In the early months of 1870 many important projects were in process of construction; the Clark House, with its magnificent ballroom, was nearing completion; Elevator “A” was beginning to loom up encouragingly; the railroad company’s dock works on the shore interested most people and Culver’s dock was expected to add to the general prosperity all felt was assured. Then, the breakwater project was finding employment for many men, property owners, no doubt, seeing in all this work by outside interests that their pockets were, 191figuratively speaking, already bulging with money. And, of course, not one interested Duluthian was likely for a moment to forget the all-important railway undertaking then fast nearing completion.
Elevator A.-According to Egan, work on the elevator began in 1869, and was in charge of Mr. C. B. Newcombe. Regarding the construction work, Egan said: In 1869 the construction of Elevator A was begun. Mr. C. B. Newcombe had charge, and being an elegant young and Christian gentleman, he considered it the proper thing to have all his employees assemble every morning for prayers. This mob of something like two hundred men of all nationalities and religions, some of them just off the Union Pacific Road and altogether a hard lot, took it at first as a joke, but when Mr. Newcombe, on two or three successive occasions, led the prayer, he would get a bootjack, loaf of bread, or fish, hurled, at his head. Divine prayer stopped after the first week, and has never since, directly or indirectly, been connected with the elevator or wheat business of Duluth.
Graves, Munger and Markell were the men responsible for the elevator enterprise of 1869-70, states Bardon. Elevator “A” was completed on September 24, 1870, but it was not until May 30, 1871, that the first shipment of grain was made, the propeller “St. Paul” then taking 11,500 bushels of wheat. The building of Elevator “A,” of course, was in no way connected with the settlement of North Dakota, because it was not until December, 1870, that the first acre of land in that state was entered, and it was not, it appears, until 1875 that Oliver Dalrymple opened up his Red River Valley farm, and demonstrated that the soil of the Dakotas could not be excelled for the production of No. 1 hard wheat. Dalrymple’s first wheat was shipped to Duluth, passing into Elevator “A,” having been purchased by Charles B. Newcombe and Company, the lessees of the elevator.
Charles F. Johnson, who arrived from St. Paul in March, 1870, spoke of “the small army of men” he then saw “employed laying the foundations for a grain elevator, and constructing a breakwater in front of it.” Elevator “A” had a capacity of 350,000 bushels and was built by the Union Improvement and Elevator Company. In 1872, Munger and Markell built Elevator No. 1, of 200,000 bushels capacity. In 1878 Elevator “A” was enlarged to 560,000 bushels capacity. These two elevators met the requirements of the trade until 1880, when Elevator No. 1 burned. Elevator “A” met a similar fate on the night of November 27, 1886, but by that time, Duluth had many other elevators; indeed, to an aggregate capacity of eleven million bushels.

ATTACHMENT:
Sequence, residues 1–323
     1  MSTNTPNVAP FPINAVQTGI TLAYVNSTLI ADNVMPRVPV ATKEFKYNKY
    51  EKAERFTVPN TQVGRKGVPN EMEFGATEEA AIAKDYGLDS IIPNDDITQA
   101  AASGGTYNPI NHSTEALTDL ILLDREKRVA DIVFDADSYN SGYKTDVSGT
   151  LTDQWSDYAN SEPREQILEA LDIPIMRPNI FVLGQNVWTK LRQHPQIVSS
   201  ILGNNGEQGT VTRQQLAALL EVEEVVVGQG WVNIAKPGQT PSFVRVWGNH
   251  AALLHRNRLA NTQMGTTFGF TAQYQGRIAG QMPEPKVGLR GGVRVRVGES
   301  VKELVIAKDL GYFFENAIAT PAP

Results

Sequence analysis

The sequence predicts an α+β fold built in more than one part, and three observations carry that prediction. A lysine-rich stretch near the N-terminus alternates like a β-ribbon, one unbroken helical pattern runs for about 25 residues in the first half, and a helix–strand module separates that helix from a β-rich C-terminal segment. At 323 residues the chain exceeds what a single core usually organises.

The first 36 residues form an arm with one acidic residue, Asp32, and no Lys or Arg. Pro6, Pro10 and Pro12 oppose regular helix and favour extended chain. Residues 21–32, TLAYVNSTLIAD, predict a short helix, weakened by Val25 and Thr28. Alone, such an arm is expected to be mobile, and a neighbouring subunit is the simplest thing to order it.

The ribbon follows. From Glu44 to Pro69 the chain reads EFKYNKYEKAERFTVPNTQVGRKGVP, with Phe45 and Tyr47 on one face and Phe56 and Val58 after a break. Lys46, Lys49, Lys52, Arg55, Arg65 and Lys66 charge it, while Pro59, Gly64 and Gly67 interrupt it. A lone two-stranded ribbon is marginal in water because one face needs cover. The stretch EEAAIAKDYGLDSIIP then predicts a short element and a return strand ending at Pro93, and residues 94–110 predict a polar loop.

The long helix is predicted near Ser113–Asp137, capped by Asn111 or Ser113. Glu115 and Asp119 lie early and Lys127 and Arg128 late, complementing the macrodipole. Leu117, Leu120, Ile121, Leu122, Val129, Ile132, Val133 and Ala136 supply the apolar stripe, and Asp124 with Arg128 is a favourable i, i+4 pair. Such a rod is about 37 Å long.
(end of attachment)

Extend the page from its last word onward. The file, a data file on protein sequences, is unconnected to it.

Jerome E. Cooley, who first saw the Head of the Lakes in the summer of 1870, had the following to say regarding the Citizen’s Dock, Elevator “A,” the breakwater and that part of Duluth: On July 4, 1870, I first saw Lake Superior, and a country road where Superior Street now is, a few winding tracks up the hill, and a road down Minnesota Point on St. Croix Avenue. The marsh where Lake Avenue was afterwards made was not at that time filled in. … They were then digging the canal, and St. Croix Avenue was the regular thoroughfare. The marsh covered all the space from Michigan Street to the canal, with a bank of gravel near the lake shore, where the road was constructed. When the old Lake Superior and Mississippi Railroad was built in here, and constructed their dock at the foot of Third Avenue, East, they cut off a portion of the lake where the City Hall, Forward’s and Totman’s buildings now stand. The railroad came in on piles from Rice’s Point. … Col. Joshua Culver had built what was called the Citizen’s dock out into the lake, about two blocks this side of the canal. The Union Improvement and Elevator Company had built Elevator “A” at the foot of Fifth Avenue, East, with enough of a breakwater to protect boats, when there was no wind. But the first wind that came … washed the most of it away, and the steamer “St. Paul,” which was lying at the dock, broke loose from her moorings.
The railway company had built a dock, known as De Costa’s, on the west side of Rice’s Point, in 1869, and the railway plant necessary in the construction work then being prosecuted from the Duluth end was discharged at this dock, but owing to the shallowness of the channel through the Bay of Superior, lightering was often necessary at the natural entrance. As the year advanced, the plan of making an outside harbor, by building a breakwater at right angles to the shore was conceived, making a dock from the breakwater to Minnesota Point possible. The work was commenced in the fall of 1869, and was so far advanced by the opening of navigation in 1870, writes Judge Ensign, that in fair weather, vessels loaded at the dock and discharged their cargoes upon it.
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